Phoenix Islands Protected Area

Tropical fish among coral, Kiribati

The Kiribati government became a global leader in marine conservation in March of 2006, when it declared the Phoenix Islands Protected Area, and later in January 2008, when the protected area was expanded to encompass 408,250 square kilometers and legally established under law. At that time it the world's largest marine protected area—an ocean wilderness of coral reefs and rich fish populations threatened by over-fishing and climate change. In 2010, UNESCO named it a natural World Heritage site, noting its "pristine nature and importance as a migration route and reservoir."

With eight atolls and two submerged reef systems located between Hawaii and Fiji in the Central Pacific, the Phoenix Islands Protected Area protects abundant marine and bird life and was the first protected area in the region with open ocean and deep-sea habitat, including underwater mountains. The area provides critical habitat for several species that are considered threatened or endangered, including the hawksbill turtle, Napoleon wrasse, and the endemic Phoenix petrel.

PIPA is a large-scale, multi-use Marine Protected Area, as defined by IUCN, and its management is guided by integrated decisions that take into account Kiribati's sustainable development. Its implementation is designed to follow a long-term, phased approach and investment. Currently, PIPA is in the first phase of its management plan, which prioritizes protection for island, lagoon, reef and coastal environment. This has been implemented across seven of the eight PIPA islands and accounts for three percent of the park — or over 12,000 square kilometers — to be closed entirely to fishing. That 3% protects 80% of the critical coral reef and island habitats identified.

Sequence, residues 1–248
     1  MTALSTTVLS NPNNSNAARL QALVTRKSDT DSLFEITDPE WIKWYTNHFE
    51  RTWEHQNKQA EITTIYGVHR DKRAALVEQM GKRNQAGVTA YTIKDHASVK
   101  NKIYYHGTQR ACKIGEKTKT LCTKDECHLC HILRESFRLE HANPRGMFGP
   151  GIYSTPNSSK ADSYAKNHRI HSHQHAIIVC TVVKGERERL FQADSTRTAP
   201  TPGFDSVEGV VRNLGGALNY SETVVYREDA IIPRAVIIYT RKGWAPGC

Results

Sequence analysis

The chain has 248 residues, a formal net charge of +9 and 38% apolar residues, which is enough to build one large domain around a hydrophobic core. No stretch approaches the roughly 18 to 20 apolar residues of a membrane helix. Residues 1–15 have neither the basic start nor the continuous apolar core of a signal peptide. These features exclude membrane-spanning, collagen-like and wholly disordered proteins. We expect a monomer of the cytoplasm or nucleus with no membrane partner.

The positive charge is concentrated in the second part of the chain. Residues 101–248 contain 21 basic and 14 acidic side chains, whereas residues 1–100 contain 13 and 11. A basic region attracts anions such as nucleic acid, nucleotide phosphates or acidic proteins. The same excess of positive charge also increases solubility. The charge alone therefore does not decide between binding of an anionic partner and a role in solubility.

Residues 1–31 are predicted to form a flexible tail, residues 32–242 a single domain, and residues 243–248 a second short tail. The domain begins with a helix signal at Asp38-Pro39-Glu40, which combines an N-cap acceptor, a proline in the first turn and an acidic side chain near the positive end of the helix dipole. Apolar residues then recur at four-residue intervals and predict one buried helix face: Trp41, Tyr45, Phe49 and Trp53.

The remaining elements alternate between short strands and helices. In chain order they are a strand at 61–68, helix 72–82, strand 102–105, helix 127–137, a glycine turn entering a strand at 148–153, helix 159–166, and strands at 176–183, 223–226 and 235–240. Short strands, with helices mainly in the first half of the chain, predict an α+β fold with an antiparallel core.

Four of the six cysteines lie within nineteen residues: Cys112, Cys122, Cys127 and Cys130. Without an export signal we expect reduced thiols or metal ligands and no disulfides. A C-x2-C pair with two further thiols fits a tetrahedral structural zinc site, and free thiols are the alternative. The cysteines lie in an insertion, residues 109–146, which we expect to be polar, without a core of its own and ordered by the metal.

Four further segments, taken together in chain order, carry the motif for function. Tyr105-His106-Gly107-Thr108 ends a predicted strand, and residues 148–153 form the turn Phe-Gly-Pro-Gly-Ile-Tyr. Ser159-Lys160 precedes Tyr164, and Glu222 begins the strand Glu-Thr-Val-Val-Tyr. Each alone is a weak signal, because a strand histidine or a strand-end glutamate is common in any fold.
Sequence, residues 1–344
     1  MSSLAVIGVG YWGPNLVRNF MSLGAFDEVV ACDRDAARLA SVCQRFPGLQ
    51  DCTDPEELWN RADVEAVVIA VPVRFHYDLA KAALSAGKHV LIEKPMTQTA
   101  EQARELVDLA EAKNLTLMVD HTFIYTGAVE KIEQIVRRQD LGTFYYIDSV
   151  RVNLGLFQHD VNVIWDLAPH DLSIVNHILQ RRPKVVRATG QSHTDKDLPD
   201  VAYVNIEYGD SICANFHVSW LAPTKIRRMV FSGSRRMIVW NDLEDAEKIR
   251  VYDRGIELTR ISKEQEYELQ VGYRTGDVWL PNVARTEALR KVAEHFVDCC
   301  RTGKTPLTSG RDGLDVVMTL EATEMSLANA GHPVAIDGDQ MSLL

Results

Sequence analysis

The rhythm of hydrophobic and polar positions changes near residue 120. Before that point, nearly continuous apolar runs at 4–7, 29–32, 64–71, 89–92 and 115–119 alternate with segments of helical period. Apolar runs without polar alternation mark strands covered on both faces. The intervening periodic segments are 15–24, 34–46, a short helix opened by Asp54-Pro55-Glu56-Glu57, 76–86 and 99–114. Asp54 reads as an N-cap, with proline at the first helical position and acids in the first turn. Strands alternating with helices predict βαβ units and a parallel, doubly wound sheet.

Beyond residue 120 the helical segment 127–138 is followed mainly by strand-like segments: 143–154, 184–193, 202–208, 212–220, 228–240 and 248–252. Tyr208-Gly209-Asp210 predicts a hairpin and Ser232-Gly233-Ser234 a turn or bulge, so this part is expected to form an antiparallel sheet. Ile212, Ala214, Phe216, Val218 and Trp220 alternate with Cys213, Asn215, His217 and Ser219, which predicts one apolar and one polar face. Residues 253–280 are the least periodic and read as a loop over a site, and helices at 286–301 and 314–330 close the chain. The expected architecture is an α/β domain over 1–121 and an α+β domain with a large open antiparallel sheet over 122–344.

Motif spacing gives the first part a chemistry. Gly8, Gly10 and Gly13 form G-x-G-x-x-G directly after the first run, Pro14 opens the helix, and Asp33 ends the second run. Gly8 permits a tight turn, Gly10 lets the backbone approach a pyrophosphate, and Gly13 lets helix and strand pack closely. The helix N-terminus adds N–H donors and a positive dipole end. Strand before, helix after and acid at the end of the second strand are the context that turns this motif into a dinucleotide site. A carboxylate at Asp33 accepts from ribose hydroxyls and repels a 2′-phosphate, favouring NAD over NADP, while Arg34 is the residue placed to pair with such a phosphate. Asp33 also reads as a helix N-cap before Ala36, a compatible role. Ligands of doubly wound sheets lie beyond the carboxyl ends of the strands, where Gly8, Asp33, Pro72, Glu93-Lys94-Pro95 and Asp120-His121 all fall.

Kiribati and the New England Aquarium developed the new protected area over several years of joint scientific research and discussions, with funding and technical assistance from GCF and CI's Pacific Islands Program. The design allows for subsistence fishing by communities and sustainable development in designated zones.

A key feature of the Phoenix Islands project is the establishment of a 'conservation contract' between the government of Kiribati and its partners. Kiribati protects the area — limiting access to fisheries — and in return, will be compensated from foregone fishing license revenues. To ensure that this important commitment lasts in perpetuity, GCF, the Aquarium and the Government of Kiribati have worked to establish the Phoenix Islands Protected Area Trust, a local institution designed to provide an endowment to cover the recurring management costs of the protected area and compensate the government for lost commercial fishing revenue. In 2011 the Board of Directors hired Kiribati citizen, Dr. Teuea Toatu, as Executive Director of the Trust.

In its first phase, Conservation International, through its Global Conservation Fund, has capitalized the PIPA Trust with an initial investment of US $2.5 million; the Republic of Kiribati has matched that capitalization with another US $2.5 million, bringing PIPA's initial endowment to US $5 million. The second phase of the management of PIPA, which is on track for completion by the end 2014, will strengthen protection in the PIPA with a target of an additional 25% of the designated as a "no-take" zone for fishing, and plans to increase the endowment to $13.5 million.

The creation of the Phoenix Islands Protected Area in Kiribati has also led to development of another of Conservation International's signature projects: the Pacific Oceanscape. The Pacific Oceanscape, with the Phoenix Islands MPA as its cornerstone, is a highly innovative multilateral framework designed to secure the long-term sustainable and cooperative management of 40 million square kilometers of ocean and island ecosystems. Kiribati President Anote Tong envisioned this investment in protected areas at scale, inclusive of island, coastal, open ocean, and deep sea habitats. In September 2010, the Pacific Oceanscape Framework was endorsed by the heads of state of 15 Pacific Island nations and seven territories. Marine and terrestrial protected areas remain the single most common-sense tool and biological insurance policy for Pacific Islands people to build resilience and capacity to environmental and climate change.

Photo  © David Obura
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